Data from: Early Miocene marine ostracods from southwestern India: implications for their biogeography and the closure of the Tethyan Seaway

Moriaki Yasuhara, Yuanyuan Hong, Skye Yunshu Tian, Wing Ki Chong, Rachel Wai Ching Chu, Hisayo Okahashi, Markus Reuter, Werner E. Piller & Mathias Harzhauser
Twenty-six genera and 34 species of early Miocene Indian shallow-marine ostracods were examined for taxonomy and paleobiogeography. A new genus Paractinocythereis and new species Costa ponticulocarinata were described. Early Miocene Indian ostracod fauna shows strong affinity to Eocene–Miocene Eastern and Western Tethyan ostracod faunas and Miocene–Recent Indo-Pacific ostracod fauna, supporting the Hopping Hotspot Hypothesis that Tethyan biodiversity hotspot have shifted eastward through Arabia to Indo-Australian Archipelago (IAA) together with concomitant biogeographic shifts of the Tethyan...

The Cryptic impacts of invasion: functional homogenization of tropical ant communities by invasive fire ants

Mark Wong, Benoit Guénard & Owen Lewis
The diversity and distribution of traits in an ecological community shapes its responses to change and the ecosystem processes it modulates. This ‘functional diversity’, however, is not necessarily a direct outcome of taxonomic diversity. Invasions by exotic insects occur in ecosystems worldwide, but there is limited understanding of how they impact functional diversity. We present the first comprehensive trait-based investigation of the impacts of an ant invasion, and the first incorporating intraspecific polymorphisms in species-level...

Feeding behaviour is the main driver for microparticle intake in mangrove crabs

Christelle Not, Cheuk Yan Iris Lui & Stefano Cannicci
As marine plastic debris is primarily sourced from terrestrial input, coastal environments are particularly affected by deposition. Because of their pneumatophores, mangroves have been recognized for their importance in confining plastic waste. Crabs are a dominant component of the mangrove ecosystem and play a critical role in maintaining healthy and resilient mangrove forests. Therefore, the presence of debris fragmented from waste, in their habitat is a potential threat. However, the potential ingestion of microplastic pieces...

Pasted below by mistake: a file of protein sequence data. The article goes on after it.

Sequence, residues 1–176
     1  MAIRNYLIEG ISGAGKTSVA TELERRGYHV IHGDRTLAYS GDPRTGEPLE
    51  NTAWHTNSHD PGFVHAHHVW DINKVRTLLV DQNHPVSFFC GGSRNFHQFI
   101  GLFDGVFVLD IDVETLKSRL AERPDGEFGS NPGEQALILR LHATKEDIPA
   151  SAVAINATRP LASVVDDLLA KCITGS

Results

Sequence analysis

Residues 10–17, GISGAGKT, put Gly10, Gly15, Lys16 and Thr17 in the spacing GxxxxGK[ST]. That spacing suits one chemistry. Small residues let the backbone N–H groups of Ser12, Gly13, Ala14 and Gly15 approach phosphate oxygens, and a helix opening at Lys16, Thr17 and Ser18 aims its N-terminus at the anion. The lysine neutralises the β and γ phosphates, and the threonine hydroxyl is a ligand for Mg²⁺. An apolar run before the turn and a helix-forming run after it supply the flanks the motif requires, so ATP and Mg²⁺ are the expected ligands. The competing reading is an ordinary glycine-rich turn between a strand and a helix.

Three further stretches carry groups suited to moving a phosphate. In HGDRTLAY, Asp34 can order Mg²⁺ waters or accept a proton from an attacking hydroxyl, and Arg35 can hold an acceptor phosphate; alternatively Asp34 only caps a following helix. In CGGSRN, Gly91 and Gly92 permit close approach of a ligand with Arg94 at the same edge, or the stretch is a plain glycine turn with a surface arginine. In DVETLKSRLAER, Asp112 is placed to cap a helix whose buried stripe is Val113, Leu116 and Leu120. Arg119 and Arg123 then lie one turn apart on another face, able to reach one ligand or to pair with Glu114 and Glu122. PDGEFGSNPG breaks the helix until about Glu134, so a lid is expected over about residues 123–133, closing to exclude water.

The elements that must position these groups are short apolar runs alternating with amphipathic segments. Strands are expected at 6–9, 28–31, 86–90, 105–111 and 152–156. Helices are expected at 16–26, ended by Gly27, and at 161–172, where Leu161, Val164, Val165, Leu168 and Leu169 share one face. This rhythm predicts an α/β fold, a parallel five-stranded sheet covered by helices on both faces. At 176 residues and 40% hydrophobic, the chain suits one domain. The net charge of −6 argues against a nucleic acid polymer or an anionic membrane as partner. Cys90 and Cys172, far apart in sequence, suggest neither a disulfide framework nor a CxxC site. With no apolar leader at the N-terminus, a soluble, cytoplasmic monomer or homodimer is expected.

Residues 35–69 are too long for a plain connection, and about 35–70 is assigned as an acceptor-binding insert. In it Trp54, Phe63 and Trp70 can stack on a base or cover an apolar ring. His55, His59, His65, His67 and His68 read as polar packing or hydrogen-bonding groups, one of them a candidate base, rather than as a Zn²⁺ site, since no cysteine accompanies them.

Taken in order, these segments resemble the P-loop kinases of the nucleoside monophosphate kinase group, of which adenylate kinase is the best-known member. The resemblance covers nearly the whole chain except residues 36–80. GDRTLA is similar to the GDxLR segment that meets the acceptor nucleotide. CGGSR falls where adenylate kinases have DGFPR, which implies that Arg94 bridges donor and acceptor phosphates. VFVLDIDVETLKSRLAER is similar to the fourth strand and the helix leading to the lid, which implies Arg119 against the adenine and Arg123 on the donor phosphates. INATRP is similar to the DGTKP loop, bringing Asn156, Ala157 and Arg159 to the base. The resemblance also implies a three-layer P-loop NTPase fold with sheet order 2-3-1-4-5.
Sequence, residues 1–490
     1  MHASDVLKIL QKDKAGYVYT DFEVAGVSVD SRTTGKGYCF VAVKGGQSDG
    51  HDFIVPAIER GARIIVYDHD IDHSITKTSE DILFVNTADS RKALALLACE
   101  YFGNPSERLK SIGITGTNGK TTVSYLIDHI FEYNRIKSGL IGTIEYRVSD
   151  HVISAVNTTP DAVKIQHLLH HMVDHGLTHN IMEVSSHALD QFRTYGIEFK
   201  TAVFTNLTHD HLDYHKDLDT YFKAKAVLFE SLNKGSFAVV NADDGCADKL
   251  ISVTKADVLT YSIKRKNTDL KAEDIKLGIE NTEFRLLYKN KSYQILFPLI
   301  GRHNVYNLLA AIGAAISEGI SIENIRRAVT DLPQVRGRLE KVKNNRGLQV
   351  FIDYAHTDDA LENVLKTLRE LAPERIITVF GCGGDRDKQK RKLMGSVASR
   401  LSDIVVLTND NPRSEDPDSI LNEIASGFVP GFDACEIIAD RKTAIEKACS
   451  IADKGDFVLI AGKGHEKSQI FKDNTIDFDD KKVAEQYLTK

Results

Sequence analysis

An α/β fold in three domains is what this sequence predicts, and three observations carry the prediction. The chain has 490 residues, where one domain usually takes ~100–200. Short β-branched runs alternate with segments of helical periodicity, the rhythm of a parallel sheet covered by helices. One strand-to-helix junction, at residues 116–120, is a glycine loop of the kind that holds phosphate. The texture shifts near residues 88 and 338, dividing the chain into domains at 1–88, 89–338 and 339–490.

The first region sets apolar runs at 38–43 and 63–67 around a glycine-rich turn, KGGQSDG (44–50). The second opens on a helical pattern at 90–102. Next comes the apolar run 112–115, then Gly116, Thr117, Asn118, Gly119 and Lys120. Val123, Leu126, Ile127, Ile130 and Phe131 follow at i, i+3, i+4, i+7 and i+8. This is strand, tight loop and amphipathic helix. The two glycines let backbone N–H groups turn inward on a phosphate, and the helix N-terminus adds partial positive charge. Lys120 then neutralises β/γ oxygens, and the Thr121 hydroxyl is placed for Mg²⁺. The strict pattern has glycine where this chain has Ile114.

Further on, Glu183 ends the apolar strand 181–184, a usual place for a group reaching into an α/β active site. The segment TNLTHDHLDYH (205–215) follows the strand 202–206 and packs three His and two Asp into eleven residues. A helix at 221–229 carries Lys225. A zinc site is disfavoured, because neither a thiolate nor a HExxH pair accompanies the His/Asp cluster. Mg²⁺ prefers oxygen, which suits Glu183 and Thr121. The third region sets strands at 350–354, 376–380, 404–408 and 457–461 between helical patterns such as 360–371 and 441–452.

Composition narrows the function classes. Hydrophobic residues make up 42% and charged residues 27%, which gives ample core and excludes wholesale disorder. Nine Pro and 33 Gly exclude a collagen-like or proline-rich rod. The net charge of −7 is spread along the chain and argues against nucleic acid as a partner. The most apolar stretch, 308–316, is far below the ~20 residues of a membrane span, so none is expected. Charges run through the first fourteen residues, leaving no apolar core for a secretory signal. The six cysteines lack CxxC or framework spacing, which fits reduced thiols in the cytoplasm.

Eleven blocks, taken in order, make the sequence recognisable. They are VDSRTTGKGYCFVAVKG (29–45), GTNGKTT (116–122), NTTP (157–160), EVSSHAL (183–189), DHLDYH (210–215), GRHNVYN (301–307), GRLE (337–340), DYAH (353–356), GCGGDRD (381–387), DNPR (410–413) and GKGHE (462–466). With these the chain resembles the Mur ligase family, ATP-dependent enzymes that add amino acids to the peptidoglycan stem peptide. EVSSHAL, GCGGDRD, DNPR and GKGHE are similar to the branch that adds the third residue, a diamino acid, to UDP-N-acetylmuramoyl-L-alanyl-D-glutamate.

Viruses harness YxxØ motif to interact with host AP2M1 for replication: A vulnerable broad-spectrum antiviral target

Shuofeng Yuan & Kwok-Yung Yuen
Targeting a universal host protein exploited by most viruses would be a game-changing strategy that offers broad-spectrum solution and rapid pandemic control including the current COVID-19. Here, we found a common YxxØ-motif of multiple viruses that exploits host AP2M1 for intracellular trafficking. A library chemical, N-(p-amylcinnamoyl)anthranilic acid (ACA), was identified to interrupt AP2M1-virus interaction and exhibit potent antiviral efficacy against a number of viruses in vitro and in vivo, including the influenza A viruses (IAVs),...

Past and future decline of tropical pelagic biodiversity

Moriaki Yasuhara, Chih-Lin Wei, Michal Kucera, Mark Costello, Derek Tittensor, Wolfgang Kiessling, Timothy Bonebrake, Clay Tabor, Ran Feng, Andrés Baselga, Kerstin Kretschmer, Buntarou Kusumoto & Yasuhiro Kubota
A major research question concerning global pelagic biodiversity remains unanswered: when did the apparent tropical biodiversity depression (i.e., bimodality of latitudinal diversity gradient [LDG]) begin? The bimodal LDG may be a consequence of recent ocean warming or of deep-time evolutionary speciation and extinction processes. Using rich time-slice datasets of planktonic foraminifers, we show here that a unimodal (or only weakly bimodal) diversity gradient, with a plateau in the tropics, occurred during the last ice age...

Drought and presence of ants can influence hemipitera in tropical leaf litter

Anna Goldman, Timothy Bonebrake, Theodore Evans, Hannah Griffiths, Catherine Parr, Louise Ashton & Paul Eggleton
Climate change is predicted to impact tropical rainforests, with droughts becoming more frequent and more severe in some regions. We currently have a poor understanding of how increased drought will change the functioning of tropical rainforest. In particular, tropical rainforest invertebrates, which are numerous and biologically important, may respond to drought in different ways across trophic levels. Ants are a diverse group that carry out important ecosystem processes, shaping ecosystem structure and function through predation...

Registration Year

  • 2020
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Resource Types

  • Dataset
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Affiliations

  • University of Hong Kong
    13
  • University of Washington
    1
  • University of Erlangen-Nuremberg
    1
  • Natural History Museum
    1
  • Dalhousie University
    1
  • University of Graz
    1
  • Finis Terrae University
    1
  • University of Connecticut
    1
  • Marum
    1
  • University of the Ryukyus
    1